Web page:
Another step he took upon returning from Rio was taking a break from swimming.
Even with a four-month suspension keeping him from competing, Feigen said he entertained the idea of stepping away from the pool but was “wishy washy” about retiring after the Olympics.
He was scheduled to compete in the 50 and 100 freestyle events earlier this summer at Phillips 66 USA Swimming National Championships but pulled out of the competition a couple weeks before the meet.
He decided to retire shortly after that.
“I was entertaining swimming there (Nationals) but decided against it due to lack of preparation and injury,” Feigen said. “It was getting harder and harder to stay not only motivated but also competitive in the sport. These new kids are fast and I look forward to watching them carry on the legacy of USA Swimming dominance.”
Feigen said despite not having competed at Nationals, he did follow Team USA’s performance at FINA World Championships and was “ecstatic” to see USA Swimming excel in Budapest.
It brought back great memories of his own swimming success and experiences – highlighted by two Olympics and two World Championship (long and short course) teams as well as an array of gold, silver and bronze medals.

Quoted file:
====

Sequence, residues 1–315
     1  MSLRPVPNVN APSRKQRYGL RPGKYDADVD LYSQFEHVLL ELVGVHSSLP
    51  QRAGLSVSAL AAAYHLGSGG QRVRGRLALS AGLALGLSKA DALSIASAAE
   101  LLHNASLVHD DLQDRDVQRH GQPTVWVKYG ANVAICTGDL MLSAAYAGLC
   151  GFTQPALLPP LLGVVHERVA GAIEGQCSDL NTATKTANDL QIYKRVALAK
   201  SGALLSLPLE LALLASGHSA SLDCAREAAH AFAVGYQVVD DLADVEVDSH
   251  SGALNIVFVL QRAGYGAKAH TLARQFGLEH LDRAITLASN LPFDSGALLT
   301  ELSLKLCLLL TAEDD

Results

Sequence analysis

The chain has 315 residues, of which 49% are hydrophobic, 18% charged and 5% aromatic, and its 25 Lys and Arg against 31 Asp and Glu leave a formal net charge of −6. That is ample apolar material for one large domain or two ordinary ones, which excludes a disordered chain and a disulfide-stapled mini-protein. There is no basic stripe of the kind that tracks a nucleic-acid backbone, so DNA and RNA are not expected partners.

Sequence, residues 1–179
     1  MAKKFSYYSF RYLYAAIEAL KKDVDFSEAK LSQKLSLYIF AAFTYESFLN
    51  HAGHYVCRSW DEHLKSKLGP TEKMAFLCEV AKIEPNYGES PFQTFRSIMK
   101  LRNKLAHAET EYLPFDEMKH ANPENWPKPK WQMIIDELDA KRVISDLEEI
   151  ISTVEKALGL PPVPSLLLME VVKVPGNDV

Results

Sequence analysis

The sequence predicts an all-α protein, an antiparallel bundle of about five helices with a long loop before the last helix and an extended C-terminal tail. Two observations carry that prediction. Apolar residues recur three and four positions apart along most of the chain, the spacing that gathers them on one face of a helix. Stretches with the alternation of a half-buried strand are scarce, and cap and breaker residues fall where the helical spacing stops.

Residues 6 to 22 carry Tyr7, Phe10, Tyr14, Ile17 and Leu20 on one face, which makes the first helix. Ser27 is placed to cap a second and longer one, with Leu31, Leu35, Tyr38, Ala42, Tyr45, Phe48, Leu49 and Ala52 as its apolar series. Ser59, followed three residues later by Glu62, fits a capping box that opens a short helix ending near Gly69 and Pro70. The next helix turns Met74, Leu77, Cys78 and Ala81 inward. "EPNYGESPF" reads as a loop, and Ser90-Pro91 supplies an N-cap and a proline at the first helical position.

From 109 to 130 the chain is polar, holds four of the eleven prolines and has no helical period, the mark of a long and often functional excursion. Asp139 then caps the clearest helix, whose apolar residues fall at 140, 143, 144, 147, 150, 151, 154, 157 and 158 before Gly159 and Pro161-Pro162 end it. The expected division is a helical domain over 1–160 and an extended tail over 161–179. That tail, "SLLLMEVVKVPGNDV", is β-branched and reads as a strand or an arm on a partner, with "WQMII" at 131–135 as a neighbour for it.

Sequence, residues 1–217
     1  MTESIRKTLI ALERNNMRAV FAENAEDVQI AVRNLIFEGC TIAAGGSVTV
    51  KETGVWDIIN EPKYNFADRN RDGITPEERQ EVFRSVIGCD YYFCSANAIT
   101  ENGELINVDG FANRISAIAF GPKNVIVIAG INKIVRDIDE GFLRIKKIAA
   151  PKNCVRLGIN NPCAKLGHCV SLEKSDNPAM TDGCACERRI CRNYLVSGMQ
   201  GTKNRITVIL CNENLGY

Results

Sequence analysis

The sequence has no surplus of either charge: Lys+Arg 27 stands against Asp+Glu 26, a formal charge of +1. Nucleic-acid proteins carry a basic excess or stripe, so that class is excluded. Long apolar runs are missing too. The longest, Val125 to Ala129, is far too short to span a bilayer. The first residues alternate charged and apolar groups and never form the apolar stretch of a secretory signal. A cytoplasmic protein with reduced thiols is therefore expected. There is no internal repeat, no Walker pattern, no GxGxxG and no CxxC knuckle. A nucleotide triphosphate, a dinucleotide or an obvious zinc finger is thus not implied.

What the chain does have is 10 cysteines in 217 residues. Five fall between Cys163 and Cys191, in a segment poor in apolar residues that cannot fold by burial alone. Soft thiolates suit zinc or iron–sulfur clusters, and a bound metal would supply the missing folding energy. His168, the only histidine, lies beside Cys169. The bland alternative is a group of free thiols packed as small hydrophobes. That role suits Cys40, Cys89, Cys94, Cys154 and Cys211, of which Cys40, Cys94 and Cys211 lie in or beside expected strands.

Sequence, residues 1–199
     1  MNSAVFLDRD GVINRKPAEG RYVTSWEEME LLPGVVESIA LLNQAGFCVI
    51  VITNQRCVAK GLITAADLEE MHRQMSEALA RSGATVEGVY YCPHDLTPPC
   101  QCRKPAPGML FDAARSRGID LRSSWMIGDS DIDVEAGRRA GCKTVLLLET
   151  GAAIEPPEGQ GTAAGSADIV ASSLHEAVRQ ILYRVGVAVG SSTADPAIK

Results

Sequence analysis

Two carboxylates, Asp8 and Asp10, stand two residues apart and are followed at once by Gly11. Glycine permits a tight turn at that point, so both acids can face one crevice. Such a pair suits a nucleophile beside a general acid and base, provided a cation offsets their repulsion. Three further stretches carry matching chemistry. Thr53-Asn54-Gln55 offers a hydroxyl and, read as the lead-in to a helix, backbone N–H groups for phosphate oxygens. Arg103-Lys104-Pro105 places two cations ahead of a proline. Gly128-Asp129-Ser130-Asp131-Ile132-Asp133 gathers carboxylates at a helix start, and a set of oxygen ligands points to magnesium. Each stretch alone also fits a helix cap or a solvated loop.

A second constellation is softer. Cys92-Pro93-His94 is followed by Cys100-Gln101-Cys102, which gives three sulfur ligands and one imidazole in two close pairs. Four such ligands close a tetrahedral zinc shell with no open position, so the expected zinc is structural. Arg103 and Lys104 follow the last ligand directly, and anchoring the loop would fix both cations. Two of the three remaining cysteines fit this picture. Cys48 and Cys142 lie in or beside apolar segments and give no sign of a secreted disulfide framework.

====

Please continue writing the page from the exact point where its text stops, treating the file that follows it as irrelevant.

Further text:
This led him to reflect fondly on his own long, successful career, which ultimately ended with a 400 freestyle relay gold medal in Rio.
“I went further than I had ever dreamed in the sport,” said Feigen, an All-American swimmer at the University of Texas. “The great memories are not ones you would expect.
“The travel, the medals, the prestige that came with being a part of the USA team was awe inspiring, but the best memories were sitting with my friends in the hotel room in Croatia, Australia or China and bonding with my teammates. The USA team is a family, and I feel the connection with those teammates will survive when all the material items that come with it fade.”
As for his swims at Olympic Trials and the Olympics last summer, Feigen, the 2013 silver medalist in the 100 freestyle at Worlds in Barcelona, said he was happy with his performance considering the adversity he went through between 2013 and 2016.